Posted on: February 6, 2019

When Apple announced last summer that the latest version of the Watch allows people to take their own electrocardiograms (EKGs) as often as they wanted, I was intrigued. After all, knowing more about your health is usually a step forward.

When Apple explained that people could send those EKG readings to their doctors in PDF format, though, I envisioned chaos in the healthcare system.

Just imagine generating your own EKG every hour, just because you can. It’s groundbreaking technology, no question. But then imagine sending every one of those EKG readings directly to your primary care doctor or your cardiologist—just because you can. There are some questions to consider before you, as a consumer, unilaterally make that choice.

Does your doctor want to see your EKG reading every hour? In some cases, if you have a known or suspected history of cardiac concerns, your doctor might find that very helpful. But that’s the exception. Normally, a stream of unnecessary and unrequested EKGs flowing into a practice would either tie up valuable staff time or be ignored altogether.

How is your provider tracking all of those EKG readings? Even if the readings go directly into your doctor’s electronic health records (EHR) system, your doctor and their staff might not see them. The volume is too much to handle. So, it’s possible that no one would even be aware that your 400th EKG reading differs from the 399 that preceded it.

Who can see your personal health data? One of the biggest concerns among health consumers—like yourself—is the security of private information. If EKG readings and similar data points go from your device to your doctor by email, your data is not secure. You may have no knowledge of who is checking the email—and the EKG readings may never make it into your provider’s EHR if there’s no system in place to process the email attachments.

Let’s think this through. Inundating doctors with unnecessary EKG readings every hour—for example—swamps providers who already say they feel like they’re drinking from a firehose of data. However, if you arrive at the emergency department (ED) complaining of chest pain, the team there might really appreciate the availability of those EKG files to see how their reading compares to yours.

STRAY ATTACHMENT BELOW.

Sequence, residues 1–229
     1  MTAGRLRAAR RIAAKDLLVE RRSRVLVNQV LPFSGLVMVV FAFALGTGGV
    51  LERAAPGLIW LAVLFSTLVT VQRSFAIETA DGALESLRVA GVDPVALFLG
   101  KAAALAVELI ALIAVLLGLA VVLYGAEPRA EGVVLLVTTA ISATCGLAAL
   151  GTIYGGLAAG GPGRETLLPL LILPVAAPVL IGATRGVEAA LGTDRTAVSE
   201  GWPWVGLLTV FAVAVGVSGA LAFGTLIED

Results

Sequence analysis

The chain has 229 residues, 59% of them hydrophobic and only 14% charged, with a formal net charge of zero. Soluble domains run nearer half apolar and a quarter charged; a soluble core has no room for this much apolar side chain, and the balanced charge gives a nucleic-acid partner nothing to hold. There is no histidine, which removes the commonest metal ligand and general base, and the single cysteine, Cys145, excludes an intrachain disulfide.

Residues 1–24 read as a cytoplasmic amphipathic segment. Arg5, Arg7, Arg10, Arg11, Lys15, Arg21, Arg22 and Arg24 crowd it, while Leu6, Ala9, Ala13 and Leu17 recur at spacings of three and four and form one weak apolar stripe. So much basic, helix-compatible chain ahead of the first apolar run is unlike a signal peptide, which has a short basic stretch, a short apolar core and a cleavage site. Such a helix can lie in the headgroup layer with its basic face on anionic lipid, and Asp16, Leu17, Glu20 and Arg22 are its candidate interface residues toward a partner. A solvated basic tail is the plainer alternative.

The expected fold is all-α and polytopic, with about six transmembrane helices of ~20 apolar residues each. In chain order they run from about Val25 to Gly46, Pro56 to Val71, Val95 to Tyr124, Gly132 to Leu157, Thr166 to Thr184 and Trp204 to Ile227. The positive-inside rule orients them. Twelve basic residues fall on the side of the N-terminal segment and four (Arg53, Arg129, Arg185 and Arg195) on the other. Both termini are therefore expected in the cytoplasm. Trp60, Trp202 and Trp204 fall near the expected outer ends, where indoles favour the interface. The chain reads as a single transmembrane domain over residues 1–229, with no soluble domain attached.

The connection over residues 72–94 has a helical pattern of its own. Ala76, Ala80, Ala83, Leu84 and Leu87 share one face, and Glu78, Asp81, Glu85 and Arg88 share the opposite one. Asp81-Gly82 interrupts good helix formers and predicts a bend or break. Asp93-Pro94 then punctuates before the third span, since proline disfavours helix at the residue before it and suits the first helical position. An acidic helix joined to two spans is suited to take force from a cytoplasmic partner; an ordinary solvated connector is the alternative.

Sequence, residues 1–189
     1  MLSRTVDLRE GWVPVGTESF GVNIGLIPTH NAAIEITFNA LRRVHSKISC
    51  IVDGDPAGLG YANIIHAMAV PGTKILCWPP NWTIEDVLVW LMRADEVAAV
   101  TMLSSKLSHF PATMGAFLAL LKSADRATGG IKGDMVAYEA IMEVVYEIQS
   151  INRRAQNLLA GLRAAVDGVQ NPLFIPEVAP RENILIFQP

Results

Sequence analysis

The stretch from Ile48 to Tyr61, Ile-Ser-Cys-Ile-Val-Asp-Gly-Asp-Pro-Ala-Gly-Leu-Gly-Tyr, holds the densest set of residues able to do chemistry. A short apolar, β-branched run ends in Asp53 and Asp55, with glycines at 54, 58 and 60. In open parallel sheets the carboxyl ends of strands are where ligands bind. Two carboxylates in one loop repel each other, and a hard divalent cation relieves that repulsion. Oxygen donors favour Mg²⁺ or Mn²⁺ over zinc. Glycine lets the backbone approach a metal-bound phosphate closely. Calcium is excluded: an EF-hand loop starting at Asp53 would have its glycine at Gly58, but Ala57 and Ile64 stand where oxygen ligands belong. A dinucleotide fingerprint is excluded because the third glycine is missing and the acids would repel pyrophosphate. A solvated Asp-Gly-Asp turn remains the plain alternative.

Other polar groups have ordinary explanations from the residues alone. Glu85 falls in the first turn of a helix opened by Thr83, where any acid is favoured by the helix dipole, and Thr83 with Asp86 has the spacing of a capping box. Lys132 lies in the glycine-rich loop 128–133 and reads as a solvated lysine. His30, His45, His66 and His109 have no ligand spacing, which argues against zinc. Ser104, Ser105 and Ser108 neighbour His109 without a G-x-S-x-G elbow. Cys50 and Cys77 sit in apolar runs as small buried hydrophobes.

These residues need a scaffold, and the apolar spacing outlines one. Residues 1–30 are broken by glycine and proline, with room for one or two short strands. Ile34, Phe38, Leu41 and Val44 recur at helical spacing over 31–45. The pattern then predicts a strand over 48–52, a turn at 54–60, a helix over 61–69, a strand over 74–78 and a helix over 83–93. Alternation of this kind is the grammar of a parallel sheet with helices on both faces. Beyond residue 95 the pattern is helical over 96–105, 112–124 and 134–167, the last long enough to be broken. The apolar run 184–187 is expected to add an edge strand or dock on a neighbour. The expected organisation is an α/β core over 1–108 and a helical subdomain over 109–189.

If you’re not in any shape to pull up your most recent readings from the device on your wrist, then the provider treating you isn’t likely to look for information there. Instead, the team will search for you through their community health information exchange (HIE)—like Hixny in our region—to see what their peers have already recorded in your records.

The fact is, most consumer-directed tech like the Apple Watch is designed to let you, the consumer, take a more active role in your health, but not in your healthcare. The exponential increase in the volume of data per person generated by wearables and similar technology is mostly just noise when it’s dumped into unprepared health information technology systems.

The challenge is that, within that gigantic volume of data, there is information that’s valuable to the right healthcare providers at the right time—such as in the ED or when you and your provider are monitoring a known condition.

For example, new blood glucose monitors and smart blood pressure cuffs are already in the market. While they are likely to be used in collaboration with your provider, they will also contribute to the continued proliferation of data generated by devices outside the traditional healthcare setting.

You see where I’m going with this. Even as consumer-directed technology makes the move from health to healthcare, there is still a need for a centrally available, comprehensive patient record. There needs to be a way for both you and your providers to contribute information and retrieve information, in whatever way and at whatever time and place it’s needed.

HIEs are the most logical point of connection for all involved, since they’re accessible to all providers (to whom you’ve given consent, at least in New York) and to you, the consumer. Plus, HIEs are developed to be bidirectional—to take information in as well as feeding it out.

I’ll be coming back to this topic throughout the year. After all, your engagement in your community HIE will continue to evolve—and so will the tools that facilitate that engagement.

For now, though, as you hear more about the growth of wearables, take a moment to consider whether the functionality gives you greater control over your daily health, or whether it truly delivers the ability to be more engaged in your healthcare. What would make these data streams and the information they contain more actionable to providers within the healthcare system?